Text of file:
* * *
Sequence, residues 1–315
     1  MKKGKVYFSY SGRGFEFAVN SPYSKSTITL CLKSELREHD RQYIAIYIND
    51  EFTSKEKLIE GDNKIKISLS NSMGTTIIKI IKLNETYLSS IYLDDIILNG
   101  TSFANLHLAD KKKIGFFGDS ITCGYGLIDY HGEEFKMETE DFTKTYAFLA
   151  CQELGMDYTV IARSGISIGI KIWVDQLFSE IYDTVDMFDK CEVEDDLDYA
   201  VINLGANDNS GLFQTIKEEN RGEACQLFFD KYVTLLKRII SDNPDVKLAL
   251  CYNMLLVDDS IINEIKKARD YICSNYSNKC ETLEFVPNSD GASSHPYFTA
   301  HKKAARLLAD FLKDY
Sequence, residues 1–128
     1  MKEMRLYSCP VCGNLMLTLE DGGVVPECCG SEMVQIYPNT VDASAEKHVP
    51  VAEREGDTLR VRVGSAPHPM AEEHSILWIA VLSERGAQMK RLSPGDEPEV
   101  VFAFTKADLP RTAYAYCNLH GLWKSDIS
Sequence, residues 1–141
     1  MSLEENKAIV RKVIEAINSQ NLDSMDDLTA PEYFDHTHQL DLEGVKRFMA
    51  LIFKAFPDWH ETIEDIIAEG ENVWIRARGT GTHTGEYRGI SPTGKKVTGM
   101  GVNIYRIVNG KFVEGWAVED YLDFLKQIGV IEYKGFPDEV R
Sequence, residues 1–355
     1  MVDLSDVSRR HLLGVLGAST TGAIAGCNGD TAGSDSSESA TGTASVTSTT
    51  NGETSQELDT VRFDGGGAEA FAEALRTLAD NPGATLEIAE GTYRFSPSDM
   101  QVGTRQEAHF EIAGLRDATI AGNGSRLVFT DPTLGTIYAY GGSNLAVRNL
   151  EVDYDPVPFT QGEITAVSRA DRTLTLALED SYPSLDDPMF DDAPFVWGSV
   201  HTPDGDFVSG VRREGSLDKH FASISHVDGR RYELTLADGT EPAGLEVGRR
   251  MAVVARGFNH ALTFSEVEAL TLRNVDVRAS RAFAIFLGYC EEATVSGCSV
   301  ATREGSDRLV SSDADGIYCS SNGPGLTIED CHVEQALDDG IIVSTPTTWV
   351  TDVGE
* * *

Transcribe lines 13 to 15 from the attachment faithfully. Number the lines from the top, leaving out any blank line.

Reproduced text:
Sequence, residues 1–141
     1  MSLEENKAIV RKVIEAINSQ NLDSMDDLTA PEYFDHTHQL DLEGVKRFMA
    51  LIFKAFPDWH ETIEDIIAEG ENVWIRARGT GTHTGEYRGI SPTGKKVTGM